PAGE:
Fermilab’s Bonnie Fleming newly elected to the American Academy of Arts & Sciences

Media contact

Bonnie Fleming, the chief research officer at the U.S. Department of Energy’s Fermi National Accelerator Laboratory, was elected as a member of the American Academy of Arts & Sciences in Mathematical and Physical Sciences. As chief research officer, Fleming leads all areas of science and technology at Fermilab.

Bonnie Fleming is a 2024 member of the prestigious American Academy of Arts & Sciences. Photo: Reidar Hahn, Fermilab

Fleming has made significant contributions to neutrino research by pioneering a class of detectors called Liquid Argon Time Projection Chambers. This technology provided a giant leap forward in how scientists may study the varying states of neutrinos and how the subatomic particles might interact with matter. These detectors are the core to Fermilab’s neutrino experiments, including the future international Deep Underground Neutrino Experiment.

“Fleming has a long history of research excellence at Fermilab and we are proud to have her at the helm of our science and technology efforts,” said Fermilab Director Lia Merminga. “Her work has opened the possibility to future discoveries in neutrino research and the knowledge these fundamental particles can provide us about our universe.”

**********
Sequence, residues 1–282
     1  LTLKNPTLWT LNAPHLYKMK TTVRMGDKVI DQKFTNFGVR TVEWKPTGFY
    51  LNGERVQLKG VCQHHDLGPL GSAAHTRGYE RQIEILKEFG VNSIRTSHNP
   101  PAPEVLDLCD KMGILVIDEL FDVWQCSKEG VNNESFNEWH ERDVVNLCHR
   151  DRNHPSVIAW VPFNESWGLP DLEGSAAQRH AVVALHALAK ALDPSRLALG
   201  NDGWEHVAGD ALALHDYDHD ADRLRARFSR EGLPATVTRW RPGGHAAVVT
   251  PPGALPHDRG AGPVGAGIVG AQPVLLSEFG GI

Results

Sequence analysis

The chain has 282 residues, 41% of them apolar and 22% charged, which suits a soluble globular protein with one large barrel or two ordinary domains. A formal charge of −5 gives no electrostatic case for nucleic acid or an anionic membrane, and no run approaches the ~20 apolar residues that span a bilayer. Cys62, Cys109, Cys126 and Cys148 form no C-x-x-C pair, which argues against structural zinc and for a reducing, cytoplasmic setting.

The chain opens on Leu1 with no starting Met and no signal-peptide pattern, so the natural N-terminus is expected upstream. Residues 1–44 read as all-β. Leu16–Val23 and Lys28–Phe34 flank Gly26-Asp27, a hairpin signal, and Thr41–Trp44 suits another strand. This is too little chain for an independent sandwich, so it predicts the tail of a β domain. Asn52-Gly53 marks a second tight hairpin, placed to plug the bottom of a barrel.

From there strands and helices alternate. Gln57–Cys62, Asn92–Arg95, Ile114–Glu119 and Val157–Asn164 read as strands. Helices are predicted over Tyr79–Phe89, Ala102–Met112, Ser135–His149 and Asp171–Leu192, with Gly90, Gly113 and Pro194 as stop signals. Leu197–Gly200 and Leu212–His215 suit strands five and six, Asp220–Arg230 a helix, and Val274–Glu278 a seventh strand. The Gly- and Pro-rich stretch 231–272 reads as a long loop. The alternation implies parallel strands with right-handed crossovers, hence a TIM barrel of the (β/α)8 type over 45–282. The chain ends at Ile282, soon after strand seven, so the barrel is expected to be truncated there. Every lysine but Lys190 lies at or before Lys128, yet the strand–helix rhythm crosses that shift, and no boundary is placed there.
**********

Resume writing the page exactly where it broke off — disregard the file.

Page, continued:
Fleming was one of the 250 new members that were elected from 1,250 nominations this year. The American Academy of Arts & Sciences is one of America’s oldest and most prestigious honorary societies and recognizes world leaders in the arts and sciences, business, philanthropy, and public affairs. Elected members join other experts to explore challenges facing society, identify solutions, and promote nonpartisan recommendations that advance the public good.

Notable physicist members include Albert Einstein, Werner Heisenberg, Neil deGrasse Tyson, J. Robert Oppenheimer and many more of the world’s greatest thinkers and scholars.

Fleming began her career at Fermilab working on the Neutrinos at the Tevatron experiment as a graduate student from Columbia University.  Following this, as a Lederman Fellow, she worked on MiniBooNE and started her work on Liquid Argon Time Projection Chambers. From 2004 to 2022, Fleming led a research group studying neutrinos as a professor at Yale University while also performing research at Fermilab. She was the founding spokesperson for the two neutrino experiments, ArgoNeuT and MicroBooNE, focusing on studying neutrinos and developing the next generation of accelerator neutrino detectors using liquid argon, and was an early member of DUNE.

Fleming earned a Ph.D. in physics from Columbia University and currently serves as a member of the National Academies Decadal Survey in particle physics. Fleming also holds a joint appointment with the University of Chicago in the Enrico Fermi Institute within the Department of Physics.

Fermi National Accelerator Laboratory is supported by the Office of Science of the U.S. Department of Energy. The Office of Science is the single largest supporter of basic research in the physical sciences in the United States and is working to address some of the most pressing challenges of our time. For more information, please visit science.energy.gov.